With the iPhone 5 is likely to be launched this fall, the carriers are getting ready to market their services. One key factor that we believe will differentiate this generation of the iPhone from the previous ones, apart from a possible change in form-factor and better processor, is the availability of an LTE-compatible chipset.
While carriers such as Verizon (NYSE:VZ) and AT&T (NYSE:T) getting ready to tout their respective LTE networks, late-entrant Sprint (NYSE:S) is just starting to roll out its first LTE markets on July 15. Its marketing strategy will most likely remain unchanged from the last year when it aggressively promoted its unlimited plans. But is it going to be a big deterrent for Sprint to move more iPhones out of the door in order to meet its huge commitment to Apple? We don’t think so and here’s why.
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Unlimited plans remain highly valuable
One of the major reasons why we think Sprint’s strategy will work is because unlimited plans are as important today as they were a year ago. Possibly, even more when you consider that Verizon and AT&T are distancing themselves from unlimited plans further. Both stopped offering unlimited plans to new subscribers a year back, and now Verizon has stopped its grandfathered unlimited users from availing handset subsidies if they choose to keep their plans. (see Verizon’s Share Everything Plans Could Kill The Last Unlimited Plans)
It is likely that AT&T, having made its displeasure with unlimited plans clear on many occasions, will also come up with similar ways of discouraging usage of unlimited plans as it looks to follow in Verizon’s footsteps and promote tiered data plans that can be shared across devices soon. (see AT&T Looks To Reduce Subsidy Pressures While Boosting Revenues Through Shared Data Plans)
Also, unlimited plans will be more valuable for LTE than they were for 3G since LTE is a higher-speed technology and will easily cause subscribers to overshoot their monthly quota for tiered plans. In such a scenario, Sprint will remain the only national carrier to offer truly unlimited plans (T-Mobile throttles 3G speeds after a certain limit), which it can still use as a very effective ploy to lure subscribers away from the two larger carriers.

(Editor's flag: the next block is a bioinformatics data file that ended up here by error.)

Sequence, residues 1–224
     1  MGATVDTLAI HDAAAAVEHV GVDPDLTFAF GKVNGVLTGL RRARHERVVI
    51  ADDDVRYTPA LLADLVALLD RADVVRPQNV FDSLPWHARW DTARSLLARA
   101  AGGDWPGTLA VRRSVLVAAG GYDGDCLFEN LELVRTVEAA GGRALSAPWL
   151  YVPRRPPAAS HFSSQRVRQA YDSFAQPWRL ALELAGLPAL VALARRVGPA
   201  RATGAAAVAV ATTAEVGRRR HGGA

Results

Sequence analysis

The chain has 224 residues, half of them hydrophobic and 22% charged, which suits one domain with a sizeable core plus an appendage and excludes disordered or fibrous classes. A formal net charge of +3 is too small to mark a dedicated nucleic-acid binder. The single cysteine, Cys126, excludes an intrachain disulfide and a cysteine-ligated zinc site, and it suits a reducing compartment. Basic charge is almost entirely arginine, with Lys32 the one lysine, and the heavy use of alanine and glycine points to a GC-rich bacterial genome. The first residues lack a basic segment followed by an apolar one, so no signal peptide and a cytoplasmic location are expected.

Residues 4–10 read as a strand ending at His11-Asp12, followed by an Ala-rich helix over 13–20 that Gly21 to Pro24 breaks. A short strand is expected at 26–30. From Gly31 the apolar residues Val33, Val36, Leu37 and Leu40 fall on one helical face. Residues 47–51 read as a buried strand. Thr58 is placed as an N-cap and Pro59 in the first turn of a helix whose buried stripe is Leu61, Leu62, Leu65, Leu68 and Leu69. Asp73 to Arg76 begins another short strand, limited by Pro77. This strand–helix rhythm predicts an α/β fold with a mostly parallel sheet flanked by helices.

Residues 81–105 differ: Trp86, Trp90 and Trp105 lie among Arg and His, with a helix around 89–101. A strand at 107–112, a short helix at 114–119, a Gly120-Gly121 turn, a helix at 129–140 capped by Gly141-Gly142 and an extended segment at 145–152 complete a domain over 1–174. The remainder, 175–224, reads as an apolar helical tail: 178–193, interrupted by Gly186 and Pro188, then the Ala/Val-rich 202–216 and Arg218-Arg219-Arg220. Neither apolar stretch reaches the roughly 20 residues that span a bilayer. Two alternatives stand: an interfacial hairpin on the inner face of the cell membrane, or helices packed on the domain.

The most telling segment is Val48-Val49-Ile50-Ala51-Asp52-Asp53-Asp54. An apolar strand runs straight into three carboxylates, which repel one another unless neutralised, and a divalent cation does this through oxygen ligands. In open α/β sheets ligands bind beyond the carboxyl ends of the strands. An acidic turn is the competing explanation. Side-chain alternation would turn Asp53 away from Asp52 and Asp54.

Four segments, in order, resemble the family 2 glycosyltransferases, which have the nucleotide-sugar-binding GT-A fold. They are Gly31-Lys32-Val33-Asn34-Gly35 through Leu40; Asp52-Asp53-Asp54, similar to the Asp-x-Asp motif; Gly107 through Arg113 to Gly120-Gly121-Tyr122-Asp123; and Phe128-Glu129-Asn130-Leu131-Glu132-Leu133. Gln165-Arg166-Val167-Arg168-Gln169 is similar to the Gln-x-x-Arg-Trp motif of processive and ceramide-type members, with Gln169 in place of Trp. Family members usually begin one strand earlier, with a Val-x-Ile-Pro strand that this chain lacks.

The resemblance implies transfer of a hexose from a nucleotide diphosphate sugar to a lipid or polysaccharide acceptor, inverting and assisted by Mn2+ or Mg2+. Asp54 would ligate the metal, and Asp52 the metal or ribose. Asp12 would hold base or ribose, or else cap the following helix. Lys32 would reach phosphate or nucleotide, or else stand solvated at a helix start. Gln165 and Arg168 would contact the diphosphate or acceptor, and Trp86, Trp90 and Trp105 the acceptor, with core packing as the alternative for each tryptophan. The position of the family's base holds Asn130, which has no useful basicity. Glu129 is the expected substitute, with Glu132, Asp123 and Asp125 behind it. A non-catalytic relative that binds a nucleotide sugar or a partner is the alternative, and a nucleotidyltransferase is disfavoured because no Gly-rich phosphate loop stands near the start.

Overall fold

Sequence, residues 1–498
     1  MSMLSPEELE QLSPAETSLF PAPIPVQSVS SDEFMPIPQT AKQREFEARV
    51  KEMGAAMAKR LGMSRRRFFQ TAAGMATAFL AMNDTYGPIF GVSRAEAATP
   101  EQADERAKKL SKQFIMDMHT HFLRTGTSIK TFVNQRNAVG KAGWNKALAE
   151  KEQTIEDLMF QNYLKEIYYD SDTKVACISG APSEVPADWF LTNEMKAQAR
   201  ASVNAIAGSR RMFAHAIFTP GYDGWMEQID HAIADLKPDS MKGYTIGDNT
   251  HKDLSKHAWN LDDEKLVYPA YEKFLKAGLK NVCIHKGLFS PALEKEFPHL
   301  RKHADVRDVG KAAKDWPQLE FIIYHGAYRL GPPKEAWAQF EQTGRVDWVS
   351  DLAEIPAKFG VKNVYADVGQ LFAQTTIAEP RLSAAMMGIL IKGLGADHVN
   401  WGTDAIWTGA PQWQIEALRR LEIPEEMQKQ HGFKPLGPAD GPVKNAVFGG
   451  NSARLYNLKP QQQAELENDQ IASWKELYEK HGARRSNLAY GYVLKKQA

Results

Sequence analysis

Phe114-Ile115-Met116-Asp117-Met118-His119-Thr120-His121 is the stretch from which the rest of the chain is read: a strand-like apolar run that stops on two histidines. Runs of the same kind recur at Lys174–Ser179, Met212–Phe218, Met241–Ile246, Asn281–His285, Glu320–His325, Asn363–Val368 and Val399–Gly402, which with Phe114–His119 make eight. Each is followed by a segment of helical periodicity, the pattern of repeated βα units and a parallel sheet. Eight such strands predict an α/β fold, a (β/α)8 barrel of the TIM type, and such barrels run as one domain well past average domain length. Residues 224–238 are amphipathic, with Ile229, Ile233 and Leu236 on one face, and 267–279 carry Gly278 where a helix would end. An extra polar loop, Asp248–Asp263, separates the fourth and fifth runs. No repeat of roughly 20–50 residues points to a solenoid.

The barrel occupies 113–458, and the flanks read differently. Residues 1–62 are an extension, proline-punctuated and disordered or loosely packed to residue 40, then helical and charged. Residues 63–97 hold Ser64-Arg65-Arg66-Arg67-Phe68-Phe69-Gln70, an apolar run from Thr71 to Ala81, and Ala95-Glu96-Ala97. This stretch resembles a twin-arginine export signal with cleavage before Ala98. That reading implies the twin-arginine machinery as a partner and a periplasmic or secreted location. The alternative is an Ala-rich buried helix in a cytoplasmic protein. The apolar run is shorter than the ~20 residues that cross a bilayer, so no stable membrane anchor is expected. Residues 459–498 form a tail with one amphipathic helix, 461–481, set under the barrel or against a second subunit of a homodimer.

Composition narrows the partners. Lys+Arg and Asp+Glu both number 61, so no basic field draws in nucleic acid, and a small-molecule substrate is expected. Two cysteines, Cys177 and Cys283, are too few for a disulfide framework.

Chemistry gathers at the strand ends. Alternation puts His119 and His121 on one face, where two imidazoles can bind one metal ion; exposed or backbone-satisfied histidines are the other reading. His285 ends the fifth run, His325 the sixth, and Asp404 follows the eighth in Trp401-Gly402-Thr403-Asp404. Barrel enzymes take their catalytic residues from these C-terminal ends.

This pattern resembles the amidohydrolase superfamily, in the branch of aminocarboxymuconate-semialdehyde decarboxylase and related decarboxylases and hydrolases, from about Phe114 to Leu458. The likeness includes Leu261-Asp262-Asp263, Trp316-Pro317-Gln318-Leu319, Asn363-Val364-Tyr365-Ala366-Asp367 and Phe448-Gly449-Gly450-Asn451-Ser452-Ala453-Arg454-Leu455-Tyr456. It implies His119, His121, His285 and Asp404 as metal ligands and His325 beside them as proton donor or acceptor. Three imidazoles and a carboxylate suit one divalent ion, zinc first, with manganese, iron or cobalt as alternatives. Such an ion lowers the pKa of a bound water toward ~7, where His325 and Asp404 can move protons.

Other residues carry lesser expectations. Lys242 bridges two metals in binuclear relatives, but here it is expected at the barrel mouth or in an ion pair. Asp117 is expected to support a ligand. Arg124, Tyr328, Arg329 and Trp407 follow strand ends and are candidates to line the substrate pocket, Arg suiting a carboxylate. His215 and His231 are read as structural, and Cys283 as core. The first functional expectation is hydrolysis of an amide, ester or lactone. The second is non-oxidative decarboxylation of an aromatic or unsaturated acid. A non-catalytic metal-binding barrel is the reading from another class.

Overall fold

The effectiveness of this strategy is evidenced by the two consecutive quarters of strong postpaid net adds that the carrier has been able to post to its core Sprint network, thanks to its unlimited plans. Sprint added net 263,000 subscribers to the Sprint platform last quarter, below the previous quarter’s 539,000 but a tad more than the net adds posted a year ago. This came even as an increasingly saturated wireless market caused Verizon and AT&T to add fewer postpaid subscribers this quarter. Further, it was also the least impacted by the seasonal slowdown in the U.S. iPhone sales last quarter as it activated about 1.5 million iPhones during the quarter, about 16% lower than the previous quarter. AT&T and Verizon meanwhile saw sequential declines of 43% and 24%, respectively, in iPhone sales. (see Sprint’s iPhone Bet Is Starting To Pay Off, $3.75 Fair Value)
The iPhone has also brought in many new subscribers to Sprint. The iPhone’s debut quarter at Sprint saw 40% of its iPhone sales go to new subscribers. In the next quarter, the iPhone accounted for 660,000 new subscribers to Sprint, which is an improved 44% of its total sales. Sprint’s postpaid ARPU also jumped $3.70 as a result, or 6.6% versus the same period last year, as users of the iPhone are heavy data users as well.
LTE disadvantage is only near-term
The lack of LTE network with good coverage may, however, deter a few customers from choosing Sprint if the smartphone comes with minimal upgrades other than LTE. Sprint will launch its first LTE markets on July 15 while Verizon’s and AT&T’s LTE networks already cover almost 200 million and 75 million Americans, respectively.
However, LTE adoption rates have been slow so far; so Sprint may not miss out by a lot as long as it continues to deliver on its aggressive roll-out plans. As of last quarter, Verizon converted only 9% of its subscriber base to LTE despite having such a wide lead in terms of LTE coverage over others.
We do not also foresee the iPhone 5 launch causing mass defections from Sprint as that would entail forking over huge penalty fees for breaking the two-year contract. Sprint started offering its first iPhone only late last year when the iPhone 4S was released.
On the other hand, we expect many to see the long-term benefits of choosing a carrier that has promised to keep its plans unlimited for LTE as well. Sprint expects to have most of its LTE network ready by the end of 2013. As LTE adoption rates rise and the iPhone brings in the highly lucrative postpaid subscribers, we expect Sprint to see its data ARPU levels rise in concert. Sprint’s unlimited LTE plans will meanwhile help it maintain its niche and differentiate from rivals at a time when wireless subscriber growth has nearly saturated. We have a price estimate of $3.75 for Sprint, about 15% ahead of the current market price.